Tuesday, 15 May 2012

This week - a lumpsucker, wryneck, moths and more.

Apologies for the lack of news over the last few days, I have had internet connection problems, but it seems to be running now for the time being, all part of island living. I have therefore put together snippets of what has been happening over the last few days in one giant posting.

We caught a wryneck. These are the most amazing birds and having never seen one before I thought Christmas had come early. They are a type of woodpecker that have evolved a plumage that makes it look like lichen encrusted bark. Unfortunately they are virtually extinct as a breeding bird in the UK and are only seen on migration.The Isle of May is an excellent place to see them as they have been recorded passing through on 18 out of the last 22 years.
Some people were still having breakfast when the call went up to come and see the wryneck.
A wryneck livens up the sightings board for the day.
Paula ran down to grab what she thought was a dead puffin being eaten by 2 greater black-backed gulls (we need freshly dead ones for samples) only to discover it was this, a lumpsucker. A strange looking fish with a bright orange sucker on its underside that lives in the rocky reefs around the island. Cool fish.
The moth season is disastrous this year. Only 2 species so far (but they are very nice). We just need a few warm days to bring them out.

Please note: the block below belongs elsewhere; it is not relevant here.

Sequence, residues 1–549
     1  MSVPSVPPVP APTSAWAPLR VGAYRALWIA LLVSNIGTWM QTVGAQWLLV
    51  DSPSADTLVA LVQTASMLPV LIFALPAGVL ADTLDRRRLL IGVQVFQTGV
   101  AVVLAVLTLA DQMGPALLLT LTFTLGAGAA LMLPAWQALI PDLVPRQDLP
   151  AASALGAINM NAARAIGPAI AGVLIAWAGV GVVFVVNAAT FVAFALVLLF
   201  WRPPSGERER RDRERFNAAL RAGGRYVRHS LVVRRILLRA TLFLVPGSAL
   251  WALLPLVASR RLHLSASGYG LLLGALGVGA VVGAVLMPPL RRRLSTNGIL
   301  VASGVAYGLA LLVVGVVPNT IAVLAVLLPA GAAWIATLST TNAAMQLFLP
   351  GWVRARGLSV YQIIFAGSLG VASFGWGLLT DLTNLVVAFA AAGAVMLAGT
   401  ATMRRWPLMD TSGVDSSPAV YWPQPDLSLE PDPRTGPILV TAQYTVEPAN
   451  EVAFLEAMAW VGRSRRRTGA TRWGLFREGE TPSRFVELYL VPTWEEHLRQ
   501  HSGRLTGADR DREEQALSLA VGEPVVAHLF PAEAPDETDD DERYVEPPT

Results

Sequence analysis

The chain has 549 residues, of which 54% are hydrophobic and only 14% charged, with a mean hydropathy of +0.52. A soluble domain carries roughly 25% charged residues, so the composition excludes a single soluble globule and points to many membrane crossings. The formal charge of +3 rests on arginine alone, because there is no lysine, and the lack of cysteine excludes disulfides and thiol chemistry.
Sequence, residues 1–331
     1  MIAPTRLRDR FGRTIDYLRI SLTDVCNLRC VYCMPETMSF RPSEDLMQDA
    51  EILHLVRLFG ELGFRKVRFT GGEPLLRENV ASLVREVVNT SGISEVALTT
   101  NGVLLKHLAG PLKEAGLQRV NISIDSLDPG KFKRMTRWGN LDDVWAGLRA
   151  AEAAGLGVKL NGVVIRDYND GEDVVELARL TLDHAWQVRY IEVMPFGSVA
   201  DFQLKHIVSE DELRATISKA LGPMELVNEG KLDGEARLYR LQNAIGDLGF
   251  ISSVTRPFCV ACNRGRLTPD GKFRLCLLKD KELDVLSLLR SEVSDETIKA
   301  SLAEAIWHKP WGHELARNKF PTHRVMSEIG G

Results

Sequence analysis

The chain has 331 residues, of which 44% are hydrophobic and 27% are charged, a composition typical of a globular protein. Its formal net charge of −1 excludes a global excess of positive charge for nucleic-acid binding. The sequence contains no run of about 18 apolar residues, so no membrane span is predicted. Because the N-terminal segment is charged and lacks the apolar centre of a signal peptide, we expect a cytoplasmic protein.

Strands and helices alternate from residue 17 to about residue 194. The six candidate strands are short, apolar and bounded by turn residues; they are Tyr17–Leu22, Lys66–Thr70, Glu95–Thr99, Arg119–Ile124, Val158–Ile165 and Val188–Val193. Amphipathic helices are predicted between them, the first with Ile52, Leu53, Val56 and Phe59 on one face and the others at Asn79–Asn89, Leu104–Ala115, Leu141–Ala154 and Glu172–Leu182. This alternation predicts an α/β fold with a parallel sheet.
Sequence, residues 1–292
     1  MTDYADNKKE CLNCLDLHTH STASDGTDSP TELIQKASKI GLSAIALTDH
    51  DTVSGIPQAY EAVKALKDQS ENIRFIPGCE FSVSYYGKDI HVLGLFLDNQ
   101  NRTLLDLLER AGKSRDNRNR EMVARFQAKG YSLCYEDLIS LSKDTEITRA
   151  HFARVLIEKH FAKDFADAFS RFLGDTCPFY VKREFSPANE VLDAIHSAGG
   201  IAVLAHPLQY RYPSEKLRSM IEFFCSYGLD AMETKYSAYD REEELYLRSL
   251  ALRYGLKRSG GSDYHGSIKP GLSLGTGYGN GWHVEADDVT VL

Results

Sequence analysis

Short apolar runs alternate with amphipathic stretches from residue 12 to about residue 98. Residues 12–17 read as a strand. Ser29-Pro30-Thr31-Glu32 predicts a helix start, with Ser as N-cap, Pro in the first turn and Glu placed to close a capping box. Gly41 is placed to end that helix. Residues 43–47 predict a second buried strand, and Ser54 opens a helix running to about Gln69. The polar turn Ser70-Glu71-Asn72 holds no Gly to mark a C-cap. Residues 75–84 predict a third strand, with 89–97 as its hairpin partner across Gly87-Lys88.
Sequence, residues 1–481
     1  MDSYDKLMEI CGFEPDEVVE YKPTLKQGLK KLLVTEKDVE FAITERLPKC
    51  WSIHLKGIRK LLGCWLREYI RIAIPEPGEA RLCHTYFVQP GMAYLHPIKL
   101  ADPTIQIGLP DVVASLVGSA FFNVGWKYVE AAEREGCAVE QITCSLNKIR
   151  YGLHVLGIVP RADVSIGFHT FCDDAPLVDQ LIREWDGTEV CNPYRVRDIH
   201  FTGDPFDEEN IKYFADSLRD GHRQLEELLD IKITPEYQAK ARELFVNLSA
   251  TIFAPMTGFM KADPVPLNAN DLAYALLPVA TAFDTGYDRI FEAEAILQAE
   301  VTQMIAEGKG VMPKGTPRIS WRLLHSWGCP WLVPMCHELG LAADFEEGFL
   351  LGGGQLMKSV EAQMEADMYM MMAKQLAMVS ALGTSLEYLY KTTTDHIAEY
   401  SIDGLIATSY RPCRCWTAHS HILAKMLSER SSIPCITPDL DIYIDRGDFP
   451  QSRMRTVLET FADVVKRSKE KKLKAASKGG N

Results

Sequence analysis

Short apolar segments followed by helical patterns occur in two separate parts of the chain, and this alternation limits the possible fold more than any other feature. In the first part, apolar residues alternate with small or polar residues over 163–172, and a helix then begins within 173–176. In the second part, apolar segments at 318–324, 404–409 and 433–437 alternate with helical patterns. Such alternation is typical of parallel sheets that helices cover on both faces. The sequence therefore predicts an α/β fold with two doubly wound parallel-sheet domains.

A hebrew character

A marbled coronet.
With the terns back Paula and I have been busy putting up the ropes and signs that will keep the visitors a bit of distance from the terns. The terns are now very busy displaying, pairing up and starting to make scraps in preparation for eggs laying. Our volunteers from earlier in the season will be pleased to see that they are already using the nesting platforms that they built in hope at the beginning of the spring.
We had the first photography trip over from the Seabird Centre at North Berwick . 12 keen photographers came over on a lovely day and seemed to thoroughly enjoy the island and its seabirds. It was interesting to see what they wanted to photograph and how they viewed the island. One or two even took time to put down their cameras and just look around them. Not surprisingly the puffins took star billing.   

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